A lot of work remains to be done for many clubs in the Championship, with the likes of Leicester City (-£29.7 million), West Ham United (-£25.5 million) and Bristol City (-£14.4 million) all posting huge losses for the 2011/12 season. Two of those three aforementioned clubs also operate at high wages to turnover ratios: Bristol City at 157% and Leicester City at 130%.
As opposed to the ‘break-even’ system, clubs in Leagues One and Two have settled on the ‘Salary Cost Management Protocol’, or ‘SCMP’ as it is often referred to, which looks to limit player wage expenditure to a proportion of a club’s turnover (55 per cent in League Two and 65 per cent in League One, which will decrease to 60 per cent in 2013/14). The SCMP system has been in operation in League Two for several years already, but on a ‘monitoring’ basis. However, the new system now governs League One too, and the Football League now has the power to impose a transfer embargo penalty on clubs who break the rules.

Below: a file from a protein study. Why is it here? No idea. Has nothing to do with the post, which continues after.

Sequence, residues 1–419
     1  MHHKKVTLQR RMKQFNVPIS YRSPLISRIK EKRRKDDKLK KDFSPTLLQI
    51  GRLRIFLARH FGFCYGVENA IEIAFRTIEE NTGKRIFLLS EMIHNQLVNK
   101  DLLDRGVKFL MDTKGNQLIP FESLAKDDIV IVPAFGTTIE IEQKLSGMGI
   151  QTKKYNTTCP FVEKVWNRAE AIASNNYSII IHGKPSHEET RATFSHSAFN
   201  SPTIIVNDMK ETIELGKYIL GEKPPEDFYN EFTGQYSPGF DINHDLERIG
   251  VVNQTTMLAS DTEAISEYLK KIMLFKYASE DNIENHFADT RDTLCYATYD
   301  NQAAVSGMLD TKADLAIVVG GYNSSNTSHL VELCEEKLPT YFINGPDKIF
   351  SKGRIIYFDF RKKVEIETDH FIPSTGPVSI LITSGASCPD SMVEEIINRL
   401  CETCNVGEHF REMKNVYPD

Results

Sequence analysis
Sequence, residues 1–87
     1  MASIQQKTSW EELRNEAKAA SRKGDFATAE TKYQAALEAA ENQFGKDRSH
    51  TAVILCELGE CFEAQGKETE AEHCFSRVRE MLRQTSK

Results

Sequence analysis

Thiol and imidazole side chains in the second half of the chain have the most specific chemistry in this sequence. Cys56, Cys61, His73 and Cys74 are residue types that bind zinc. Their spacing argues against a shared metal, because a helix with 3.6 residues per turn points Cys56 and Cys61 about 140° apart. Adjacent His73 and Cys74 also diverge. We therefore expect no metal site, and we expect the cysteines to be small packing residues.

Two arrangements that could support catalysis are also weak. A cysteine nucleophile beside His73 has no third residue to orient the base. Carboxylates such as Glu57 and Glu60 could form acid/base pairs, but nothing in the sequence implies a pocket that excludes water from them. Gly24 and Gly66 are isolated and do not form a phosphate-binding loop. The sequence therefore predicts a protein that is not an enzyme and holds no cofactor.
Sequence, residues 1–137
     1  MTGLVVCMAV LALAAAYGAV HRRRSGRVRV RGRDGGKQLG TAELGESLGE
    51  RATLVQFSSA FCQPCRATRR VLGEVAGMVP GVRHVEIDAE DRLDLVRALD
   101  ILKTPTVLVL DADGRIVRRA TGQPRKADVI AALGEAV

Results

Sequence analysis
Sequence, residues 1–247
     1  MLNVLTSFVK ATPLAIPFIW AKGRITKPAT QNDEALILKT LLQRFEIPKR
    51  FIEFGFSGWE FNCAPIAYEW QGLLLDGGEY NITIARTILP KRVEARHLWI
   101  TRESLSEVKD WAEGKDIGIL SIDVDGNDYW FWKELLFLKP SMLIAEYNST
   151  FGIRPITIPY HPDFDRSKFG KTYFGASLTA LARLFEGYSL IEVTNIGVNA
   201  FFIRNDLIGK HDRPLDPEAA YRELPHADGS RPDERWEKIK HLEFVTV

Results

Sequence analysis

In League One, Swindon Town became the first club to feel the iron fist of the Football League, after breaking the new regulations when they exceeded the spending limit of 65 per cent of their turnover in October last year. Swindon were tipped over the edge after a league tribunal ordered them to pay a combined £340,000 for midfielder James Collins and defender Troy Archibald-Henville. Swindon, though, were not the first club to be handed a transfer embargo. For the second half of the 2009/10 season, Notts County were given the same punishment.
“We [Notts County] were victims of financial mismanagement just a few years ago, when Munto Finance arrived to takeover the club with promises of millions of pounds of investment and Premier League football at Meadow Lane,” says Jamie Dixon, the Head of Media at Notts County. “As has been well documented, the money never materialised and that which had been spent already in chasing this fanciful notion left the club several million pounds in debt.”